Work is set to get underway on a brand new state-of-the-art £1.24m helipad at Worcestershire Royal Hospital, following the go-ahead from planners this week.
The new raised helipad, which will be situated next to Worcestershire Oncology Centre, will be closer to the Accident and Emergency department, enabling paramedics to transfer critically ill patients into the department more quickly, using electric trolleys, instead of an ambulance.
Relocating the helipad from its current location on land adjacent to the staff car park will also help to ease traffic congestion, as cars driving around the site will not be disrupted when the Air Ambulance lands and takes off. Additional car parking will also be created – both on land vacated by the current helipad, and underneath the new raised platform.
Work on the helipad, which is expected to be completed within 12 months, has been generously funded by the HELP Appeal whose Chief Executive, Robert Bertram, visited the hospital this week to hand over a cheque for £625,000 – the first of two instalments.
Michelle McKay, Chief Executive of Worcestershire Acute Hospitals NHS Trust, said: “We are delighted that we’ve got the go ahead for a new helipad and we would like to thank the HELP Appeal which is enabling this work to be carried out. The plan has always been to relocate the helipad closer to A&E, meaning patients arriving by Air Ambulance can be transferred into the department as quickly and easily as possible to receive emergency treatment once they have landed on site.”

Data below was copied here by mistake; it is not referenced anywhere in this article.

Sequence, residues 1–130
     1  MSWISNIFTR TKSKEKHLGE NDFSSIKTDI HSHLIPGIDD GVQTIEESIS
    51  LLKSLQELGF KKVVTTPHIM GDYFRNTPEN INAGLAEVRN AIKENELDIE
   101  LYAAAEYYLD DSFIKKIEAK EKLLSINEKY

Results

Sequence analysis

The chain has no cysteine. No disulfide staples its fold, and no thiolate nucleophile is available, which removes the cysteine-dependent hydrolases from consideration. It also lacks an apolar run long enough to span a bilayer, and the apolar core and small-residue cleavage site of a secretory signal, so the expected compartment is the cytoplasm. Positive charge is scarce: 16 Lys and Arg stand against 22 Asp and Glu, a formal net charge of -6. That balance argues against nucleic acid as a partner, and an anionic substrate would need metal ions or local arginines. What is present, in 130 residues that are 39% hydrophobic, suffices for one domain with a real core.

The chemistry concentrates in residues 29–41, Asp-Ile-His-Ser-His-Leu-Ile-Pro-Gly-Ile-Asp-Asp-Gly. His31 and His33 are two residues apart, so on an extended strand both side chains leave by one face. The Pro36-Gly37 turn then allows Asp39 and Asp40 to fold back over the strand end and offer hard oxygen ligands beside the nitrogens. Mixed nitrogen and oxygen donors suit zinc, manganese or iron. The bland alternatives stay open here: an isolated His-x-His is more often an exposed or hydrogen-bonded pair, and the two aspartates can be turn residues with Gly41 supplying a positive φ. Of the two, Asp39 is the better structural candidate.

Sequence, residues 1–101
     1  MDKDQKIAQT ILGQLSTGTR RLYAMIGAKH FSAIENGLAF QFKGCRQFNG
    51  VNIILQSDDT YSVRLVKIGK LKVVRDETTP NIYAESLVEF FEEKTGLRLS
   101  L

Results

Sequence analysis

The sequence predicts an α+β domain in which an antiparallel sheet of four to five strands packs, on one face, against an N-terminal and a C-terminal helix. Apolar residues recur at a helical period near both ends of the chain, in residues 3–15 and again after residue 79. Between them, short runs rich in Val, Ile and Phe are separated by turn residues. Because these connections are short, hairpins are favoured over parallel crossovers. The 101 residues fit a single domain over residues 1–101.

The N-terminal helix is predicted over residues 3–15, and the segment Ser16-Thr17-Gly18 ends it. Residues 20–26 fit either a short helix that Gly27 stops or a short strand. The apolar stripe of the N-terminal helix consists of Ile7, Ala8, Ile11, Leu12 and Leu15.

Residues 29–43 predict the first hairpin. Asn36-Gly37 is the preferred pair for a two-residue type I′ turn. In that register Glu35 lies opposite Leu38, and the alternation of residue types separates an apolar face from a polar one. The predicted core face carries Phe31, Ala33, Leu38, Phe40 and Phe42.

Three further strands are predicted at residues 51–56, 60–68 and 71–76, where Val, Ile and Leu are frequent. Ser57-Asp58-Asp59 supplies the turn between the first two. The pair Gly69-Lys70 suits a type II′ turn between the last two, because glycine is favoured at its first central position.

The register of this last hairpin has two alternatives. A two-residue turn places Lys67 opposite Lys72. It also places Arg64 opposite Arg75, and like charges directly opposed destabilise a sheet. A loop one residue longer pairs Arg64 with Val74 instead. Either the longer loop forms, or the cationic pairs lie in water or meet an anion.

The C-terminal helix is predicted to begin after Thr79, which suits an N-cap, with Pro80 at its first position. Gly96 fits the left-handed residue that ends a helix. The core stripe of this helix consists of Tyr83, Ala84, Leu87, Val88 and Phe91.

Robert Bertram, Chief Executive of the HELP Appeal, said: “Helipads save time and save lives. It’s as simple as that.
“After learning that the Worcestershire Royal Hospital could build a helipad closer to its emergency department – reducing the time it takes to transfer a critically ill patient to the specialist care they urgently need – we wanted to make it happen for them as quickly as possible, so we agreed to cover the entire cost.
“It’s fantastic that they have been given permission to start on this essential build, which will make a huge difference to the lives of critically ill patients.”
The HELP Appeal aims to significantly increase the number of onsite hospital helipads at major trauma centres and A&E hospitals through its HELP Appeal grant scheme which offers non-repayable grants to hospitals to help fund new helipads or upgrade existing helipads.
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